Report: US Suspends Food Aid to Ethiopia Amid Theft Accusations
Tanzanian peacekeepers repatriated after sexual abuse and exploitation scandal
The United Nations said Friday that it is sending home a unit of 60 Tanzanian peacekeepers from the Central African Republic after a preliminary investigation found credible evidence that 11 of them allegedly sexually exploited and abused at least four victims. It is not the first time peacekeepers from MINUSCA have been implicated in such abuses.
UN Sending Home Peacekeepers Implicated in Sexual Abuse
Five new members elected to U.N. Security Council for 2024-25
The U.N. General Assembly approved five new members for two-year terms on the organization’s powerful 15-nation Security Council on Tuesday. Slovenia routed Belarus 153 to 38 for the only contested seat. Algeria, Guyana, Sierra Leone, Slovenia and South Korea will start their terms on January 1, 2024.
At UN, Belarus Shut Out in Bid for Security Council Seat
— The U.N. Mission in South Sudan said at least 13 people have died and more than 20 were injured during an outbreak of intercommunal fighting at a protection of civilians site in Malakal, in Upper Nile State on Thursday. Some of the injured were treated at the U.N. mission’s hospital. The U.N. said the violence erupted following a stabbing at the site, which houses more than 37,000 displaced persons. Doctors without Borders put the toll higher, saying that 20 people were killed and 50 injured, including two of their staffers who live in the camp.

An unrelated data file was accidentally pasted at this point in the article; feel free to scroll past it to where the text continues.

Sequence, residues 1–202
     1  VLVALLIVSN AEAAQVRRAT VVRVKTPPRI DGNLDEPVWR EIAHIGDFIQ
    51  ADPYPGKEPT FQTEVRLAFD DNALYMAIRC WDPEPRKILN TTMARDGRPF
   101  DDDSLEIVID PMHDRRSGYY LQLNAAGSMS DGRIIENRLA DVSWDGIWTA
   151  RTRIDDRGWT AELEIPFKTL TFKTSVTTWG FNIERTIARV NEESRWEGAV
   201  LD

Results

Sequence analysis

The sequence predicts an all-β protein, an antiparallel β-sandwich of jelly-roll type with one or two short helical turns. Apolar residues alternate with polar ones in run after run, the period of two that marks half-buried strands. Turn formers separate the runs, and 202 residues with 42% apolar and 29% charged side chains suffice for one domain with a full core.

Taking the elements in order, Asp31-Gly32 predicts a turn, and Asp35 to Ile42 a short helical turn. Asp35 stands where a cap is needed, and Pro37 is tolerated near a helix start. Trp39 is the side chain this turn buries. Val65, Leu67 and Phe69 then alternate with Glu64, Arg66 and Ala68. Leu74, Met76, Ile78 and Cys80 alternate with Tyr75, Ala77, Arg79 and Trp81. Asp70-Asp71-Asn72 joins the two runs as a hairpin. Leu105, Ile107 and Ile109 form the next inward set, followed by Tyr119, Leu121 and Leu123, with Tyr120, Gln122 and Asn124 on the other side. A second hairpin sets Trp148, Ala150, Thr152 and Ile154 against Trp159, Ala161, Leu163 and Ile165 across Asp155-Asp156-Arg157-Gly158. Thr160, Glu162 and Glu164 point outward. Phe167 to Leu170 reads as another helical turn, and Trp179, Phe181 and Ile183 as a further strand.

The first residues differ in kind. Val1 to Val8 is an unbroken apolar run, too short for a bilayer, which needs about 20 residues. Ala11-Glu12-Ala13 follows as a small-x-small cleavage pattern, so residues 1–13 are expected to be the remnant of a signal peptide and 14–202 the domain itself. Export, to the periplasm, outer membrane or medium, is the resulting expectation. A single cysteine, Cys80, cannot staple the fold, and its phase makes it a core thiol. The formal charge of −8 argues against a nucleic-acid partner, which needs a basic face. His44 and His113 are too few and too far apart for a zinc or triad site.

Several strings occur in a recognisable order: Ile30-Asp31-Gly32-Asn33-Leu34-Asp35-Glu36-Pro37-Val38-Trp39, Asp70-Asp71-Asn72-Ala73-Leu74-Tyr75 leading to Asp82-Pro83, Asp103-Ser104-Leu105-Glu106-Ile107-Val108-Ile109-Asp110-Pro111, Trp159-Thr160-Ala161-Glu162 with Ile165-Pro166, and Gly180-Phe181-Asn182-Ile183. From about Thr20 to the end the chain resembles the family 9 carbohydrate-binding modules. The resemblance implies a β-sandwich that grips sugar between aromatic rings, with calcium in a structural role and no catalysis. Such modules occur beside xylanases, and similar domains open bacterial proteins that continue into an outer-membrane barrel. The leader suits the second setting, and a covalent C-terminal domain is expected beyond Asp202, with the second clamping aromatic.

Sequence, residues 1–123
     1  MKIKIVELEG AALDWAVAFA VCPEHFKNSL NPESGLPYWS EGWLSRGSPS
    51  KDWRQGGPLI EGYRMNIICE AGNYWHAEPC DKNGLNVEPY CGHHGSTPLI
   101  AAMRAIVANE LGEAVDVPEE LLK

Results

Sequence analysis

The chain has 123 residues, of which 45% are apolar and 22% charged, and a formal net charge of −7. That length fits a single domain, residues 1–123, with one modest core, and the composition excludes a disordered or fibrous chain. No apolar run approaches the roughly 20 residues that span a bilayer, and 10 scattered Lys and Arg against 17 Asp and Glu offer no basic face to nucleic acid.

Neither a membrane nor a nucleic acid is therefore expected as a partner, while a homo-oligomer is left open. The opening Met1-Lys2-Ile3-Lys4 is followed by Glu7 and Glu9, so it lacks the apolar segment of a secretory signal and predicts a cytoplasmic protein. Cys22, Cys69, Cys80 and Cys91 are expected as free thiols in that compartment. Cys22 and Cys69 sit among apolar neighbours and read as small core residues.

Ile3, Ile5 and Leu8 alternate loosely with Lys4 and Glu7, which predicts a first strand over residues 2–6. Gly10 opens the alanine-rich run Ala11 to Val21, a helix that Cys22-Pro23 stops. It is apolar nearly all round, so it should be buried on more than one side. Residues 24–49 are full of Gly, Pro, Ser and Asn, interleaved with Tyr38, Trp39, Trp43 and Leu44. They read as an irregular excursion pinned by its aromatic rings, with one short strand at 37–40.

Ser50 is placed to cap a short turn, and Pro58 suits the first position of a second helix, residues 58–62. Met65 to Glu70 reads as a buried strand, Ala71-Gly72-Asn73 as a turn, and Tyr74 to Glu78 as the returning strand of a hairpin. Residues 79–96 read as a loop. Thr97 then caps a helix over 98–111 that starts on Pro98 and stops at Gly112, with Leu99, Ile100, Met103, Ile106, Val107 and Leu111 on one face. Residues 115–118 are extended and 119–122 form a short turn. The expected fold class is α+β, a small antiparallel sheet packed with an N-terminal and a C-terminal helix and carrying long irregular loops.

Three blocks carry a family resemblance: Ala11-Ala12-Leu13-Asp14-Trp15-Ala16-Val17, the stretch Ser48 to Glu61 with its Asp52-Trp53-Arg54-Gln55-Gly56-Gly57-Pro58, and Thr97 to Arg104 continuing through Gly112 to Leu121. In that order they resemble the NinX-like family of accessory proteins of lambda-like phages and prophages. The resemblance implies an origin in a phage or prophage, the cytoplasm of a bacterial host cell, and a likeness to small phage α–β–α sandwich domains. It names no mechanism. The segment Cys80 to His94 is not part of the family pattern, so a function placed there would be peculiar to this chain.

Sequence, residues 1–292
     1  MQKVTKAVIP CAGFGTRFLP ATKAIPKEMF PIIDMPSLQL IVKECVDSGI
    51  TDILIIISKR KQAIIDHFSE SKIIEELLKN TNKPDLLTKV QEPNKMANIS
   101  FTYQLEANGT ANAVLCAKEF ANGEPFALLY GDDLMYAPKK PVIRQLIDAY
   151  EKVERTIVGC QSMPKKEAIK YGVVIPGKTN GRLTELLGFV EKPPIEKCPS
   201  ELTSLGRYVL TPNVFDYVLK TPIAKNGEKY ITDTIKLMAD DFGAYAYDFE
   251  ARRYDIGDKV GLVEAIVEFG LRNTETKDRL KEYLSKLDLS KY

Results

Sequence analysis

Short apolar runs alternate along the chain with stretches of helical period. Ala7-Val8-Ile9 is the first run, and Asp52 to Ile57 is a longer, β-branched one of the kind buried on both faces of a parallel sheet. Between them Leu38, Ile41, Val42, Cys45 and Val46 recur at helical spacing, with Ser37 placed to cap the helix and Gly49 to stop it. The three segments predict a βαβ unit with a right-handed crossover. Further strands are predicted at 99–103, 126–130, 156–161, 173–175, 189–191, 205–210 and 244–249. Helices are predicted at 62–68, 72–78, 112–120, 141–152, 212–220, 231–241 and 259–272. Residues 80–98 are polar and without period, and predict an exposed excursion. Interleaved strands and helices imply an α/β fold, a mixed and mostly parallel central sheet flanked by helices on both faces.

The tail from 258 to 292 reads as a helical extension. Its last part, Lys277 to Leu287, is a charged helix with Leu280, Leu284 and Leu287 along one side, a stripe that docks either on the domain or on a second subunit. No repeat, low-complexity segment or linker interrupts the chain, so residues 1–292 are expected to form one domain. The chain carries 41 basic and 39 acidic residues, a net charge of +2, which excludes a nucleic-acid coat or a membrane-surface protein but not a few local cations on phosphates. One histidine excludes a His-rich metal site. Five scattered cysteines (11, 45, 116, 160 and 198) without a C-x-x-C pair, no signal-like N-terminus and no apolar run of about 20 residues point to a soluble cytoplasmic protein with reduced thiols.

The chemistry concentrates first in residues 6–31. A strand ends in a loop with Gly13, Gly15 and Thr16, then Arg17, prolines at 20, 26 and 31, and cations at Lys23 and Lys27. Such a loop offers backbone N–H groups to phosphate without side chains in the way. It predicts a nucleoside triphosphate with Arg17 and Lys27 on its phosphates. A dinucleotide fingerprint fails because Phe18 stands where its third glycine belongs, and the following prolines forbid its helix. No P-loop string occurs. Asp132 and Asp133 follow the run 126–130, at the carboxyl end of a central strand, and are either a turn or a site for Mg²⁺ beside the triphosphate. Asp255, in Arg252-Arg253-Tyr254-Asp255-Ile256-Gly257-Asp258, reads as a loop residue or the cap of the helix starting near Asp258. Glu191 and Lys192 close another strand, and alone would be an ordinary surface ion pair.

— In Mali, one U.N. peacekeeper from Burkina Faso was killed Friday near Ber town in the Timbuktu region and eight others were seriously injured during an improvised explosive device attack that was followed by direct gun fire. Terrorists and armed groups frequently attack peacekeepers in Mali; nine have died so far this year.
— The United Nations rejected the designation of U.N. envoy Volker Perthes as persona non grata by Sudan’s General Abdel Fattah al-Burhan this week. A U.N. spokesperson said that “the doctrine of persona non grata is not applicable to or in respect of United Nations personnel, and its invocation is contrary to the obligations of states under the Charter of the United Nations, including those concerning the privileges and immunities of the United Nations and its personnel.” Perthes is presently traveling outside Sudan.